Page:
How important is it to continue investing in enhancing in-store experiences and supporting online orders?
Very important and this is a big focus for us. As mentioned above, harnessing true omni-channel is a priority for us, and we have a unique opportunity, being a franchise network. Our franchisees have always been passionate about customer service, knowing who their customers are and going out of their way to help order and deliver their books, whether that’s through, phone/email orders, home delivery, curbside pick-up etc. Click & Collect, fulfil from store, order in store, are all part of our customers’ expectations today and areas we continue to invest in.
In what ways is technology helping to provide a better customer experience?
Apart from the obvious benefits of customers being able to shop online or in-store and have their items delivered to a location of their choice or to pick those items up from multiple locations, we are investing in technology in-store to help customers find what they are looking for more easily, make recommendations and to speed up checkout.
Looking ahead to say the next five years, what does your future store format look like?
I believe that stores will have adopted technology that will look after customers who know what they want when they walk into a store, from product finders, to add-on items to self- checkouts. This will free up sales staff to spend time with customers who are looking for recommendations, suggestions, are buying gifts etc. Stores will offer adjacent products and services and will become places that some wish to be in and out of quickly and others will want to spend time browsing. They will also need to be either carbon neutral or moving very quickly in that direction.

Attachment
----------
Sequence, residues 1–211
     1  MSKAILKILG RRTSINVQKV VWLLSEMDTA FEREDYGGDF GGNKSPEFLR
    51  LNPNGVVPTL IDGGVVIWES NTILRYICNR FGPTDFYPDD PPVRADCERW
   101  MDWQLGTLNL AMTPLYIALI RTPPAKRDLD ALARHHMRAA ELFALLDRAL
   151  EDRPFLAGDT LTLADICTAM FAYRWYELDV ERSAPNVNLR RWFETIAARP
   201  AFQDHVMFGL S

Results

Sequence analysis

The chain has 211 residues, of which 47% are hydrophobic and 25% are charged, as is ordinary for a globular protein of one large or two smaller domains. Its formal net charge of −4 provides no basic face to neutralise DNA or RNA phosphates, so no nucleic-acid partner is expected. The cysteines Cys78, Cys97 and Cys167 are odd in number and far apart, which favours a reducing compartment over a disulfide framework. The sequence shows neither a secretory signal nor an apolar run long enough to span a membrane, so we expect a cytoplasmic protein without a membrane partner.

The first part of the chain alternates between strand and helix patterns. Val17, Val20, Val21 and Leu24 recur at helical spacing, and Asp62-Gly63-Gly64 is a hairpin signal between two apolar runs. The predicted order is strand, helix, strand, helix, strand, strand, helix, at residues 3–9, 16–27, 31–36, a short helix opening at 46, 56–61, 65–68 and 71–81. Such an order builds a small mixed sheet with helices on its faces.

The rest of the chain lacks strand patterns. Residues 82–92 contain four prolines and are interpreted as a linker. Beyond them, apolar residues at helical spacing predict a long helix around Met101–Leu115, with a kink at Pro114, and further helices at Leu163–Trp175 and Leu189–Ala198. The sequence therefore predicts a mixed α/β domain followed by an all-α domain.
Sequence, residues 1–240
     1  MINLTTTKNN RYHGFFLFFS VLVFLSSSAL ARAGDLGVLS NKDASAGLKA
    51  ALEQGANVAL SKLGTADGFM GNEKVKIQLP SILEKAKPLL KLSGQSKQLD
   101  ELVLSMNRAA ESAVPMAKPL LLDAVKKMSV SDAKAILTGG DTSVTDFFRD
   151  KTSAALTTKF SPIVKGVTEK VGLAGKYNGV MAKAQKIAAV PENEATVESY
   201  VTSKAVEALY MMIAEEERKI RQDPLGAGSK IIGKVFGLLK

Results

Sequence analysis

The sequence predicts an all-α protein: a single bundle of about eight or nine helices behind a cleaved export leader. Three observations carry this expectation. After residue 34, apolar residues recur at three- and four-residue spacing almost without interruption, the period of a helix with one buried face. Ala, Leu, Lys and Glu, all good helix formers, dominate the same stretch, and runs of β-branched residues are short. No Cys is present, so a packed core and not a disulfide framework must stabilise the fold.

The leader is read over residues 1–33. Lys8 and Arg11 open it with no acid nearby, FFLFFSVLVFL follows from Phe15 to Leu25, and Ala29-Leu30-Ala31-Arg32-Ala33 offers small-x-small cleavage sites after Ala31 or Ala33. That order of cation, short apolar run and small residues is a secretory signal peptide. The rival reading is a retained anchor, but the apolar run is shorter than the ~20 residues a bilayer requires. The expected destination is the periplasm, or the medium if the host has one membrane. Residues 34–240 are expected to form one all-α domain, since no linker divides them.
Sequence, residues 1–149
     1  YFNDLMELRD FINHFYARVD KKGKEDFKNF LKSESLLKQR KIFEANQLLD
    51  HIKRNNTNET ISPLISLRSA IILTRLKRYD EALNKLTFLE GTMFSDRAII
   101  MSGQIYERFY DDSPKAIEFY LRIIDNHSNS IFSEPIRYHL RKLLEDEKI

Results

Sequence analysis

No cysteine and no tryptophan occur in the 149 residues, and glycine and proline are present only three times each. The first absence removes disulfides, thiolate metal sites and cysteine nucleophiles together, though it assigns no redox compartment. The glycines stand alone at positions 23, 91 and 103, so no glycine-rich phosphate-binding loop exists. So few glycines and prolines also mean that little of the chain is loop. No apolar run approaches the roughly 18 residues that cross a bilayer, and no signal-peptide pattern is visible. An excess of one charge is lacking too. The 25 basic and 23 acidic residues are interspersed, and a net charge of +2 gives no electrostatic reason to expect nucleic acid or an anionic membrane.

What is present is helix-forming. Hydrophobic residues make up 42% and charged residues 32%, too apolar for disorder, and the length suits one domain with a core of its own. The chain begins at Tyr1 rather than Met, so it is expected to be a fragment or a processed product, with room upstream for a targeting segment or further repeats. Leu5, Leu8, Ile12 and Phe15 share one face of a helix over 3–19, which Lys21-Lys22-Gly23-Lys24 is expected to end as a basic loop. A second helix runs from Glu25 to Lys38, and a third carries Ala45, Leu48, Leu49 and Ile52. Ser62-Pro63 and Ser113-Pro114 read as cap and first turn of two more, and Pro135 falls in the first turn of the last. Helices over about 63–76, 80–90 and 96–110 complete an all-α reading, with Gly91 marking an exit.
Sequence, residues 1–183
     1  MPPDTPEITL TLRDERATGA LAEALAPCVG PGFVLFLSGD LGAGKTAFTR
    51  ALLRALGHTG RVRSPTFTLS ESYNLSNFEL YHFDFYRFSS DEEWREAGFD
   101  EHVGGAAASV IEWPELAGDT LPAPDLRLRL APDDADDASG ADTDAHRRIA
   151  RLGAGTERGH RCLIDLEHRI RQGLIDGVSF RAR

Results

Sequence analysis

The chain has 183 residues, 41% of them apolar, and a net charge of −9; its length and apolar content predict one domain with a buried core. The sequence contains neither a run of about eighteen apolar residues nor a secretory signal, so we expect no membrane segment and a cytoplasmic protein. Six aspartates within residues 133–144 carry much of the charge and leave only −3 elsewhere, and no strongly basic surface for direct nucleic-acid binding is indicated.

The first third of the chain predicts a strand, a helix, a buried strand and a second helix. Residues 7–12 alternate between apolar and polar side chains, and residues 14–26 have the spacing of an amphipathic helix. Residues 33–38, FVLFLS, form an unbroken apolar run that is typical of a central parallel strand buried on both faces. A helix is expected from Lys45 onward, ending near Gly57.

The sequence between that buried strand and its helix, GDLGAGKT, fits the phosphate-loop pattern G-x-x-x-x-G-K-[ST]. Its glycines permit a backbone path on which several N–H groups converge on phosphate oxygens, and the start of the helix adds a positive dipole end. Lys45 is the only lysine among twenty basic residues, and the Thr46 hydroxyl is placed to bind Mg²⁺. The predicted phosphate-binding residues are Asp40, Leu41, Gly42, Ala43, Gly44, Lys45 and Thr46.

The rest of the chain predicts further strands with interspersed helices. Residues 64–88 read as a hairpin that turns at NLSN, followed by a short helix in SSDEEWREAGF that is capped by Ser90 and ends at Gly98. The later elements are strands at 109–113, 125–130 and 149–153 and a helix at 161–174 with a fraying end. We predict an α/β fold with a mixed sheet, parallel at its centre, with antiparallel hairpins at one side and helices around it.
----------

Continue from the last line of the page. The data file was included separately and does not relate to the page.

How has COVID-19 changed the relationship between landlords and retailers?
There has been a shift in mindset that was forced by the pandemic where both landlords and retailers recognise they are in this together and need to work together more collaboratively in the future. Both now recognise that good times and bad times must be shared equally.
What do you think shopping centres need to be, going forward, to remain relevant?
They need to be communities. They must be places that people want to go to, to spend time, hang out with friends, dine, exercise and be entertained – not just somewhere to go to buy a product.
The origin of the Dymocks flagship store on George Street, Sydney – Australia’s greatest bookstore – goes back to 1879 when young William Dymock commenced business as a bookseller in nearby Market Street. In 1922, the Dymock family purchased the site of the old Royal Hotel in George Street upon which was built the historic, Art Deco landmark Dymocks building, completed in 1930.
In 1981, John Forsyth, William Dymock’s great nephew, decided to take over the company, selling his own successful printing and publishing business. As Chairman of the Dymocks Group of Companies, John Forsyth wished to preserve the company’s heritage and great bookselling tradition while making sure it constantly reinvented itself
and kept abreast of the changing Australian market.
In 1986, the Dymocks Franchise System was set up, allowing people to have their own piece of this great bookselling tradition. Since this time, Dymocks stores have been successfully opened throughout the country. Following the opening of a store in Hobart in 2000, Dymocks opened its flagship store in Melbourne’s CBD in 2001 and in Brisbane in 2002 – completing the line-up of flagship
stores in all states.
This article was first published in SCN Vol. 39 No. 2, CBD Guns 2021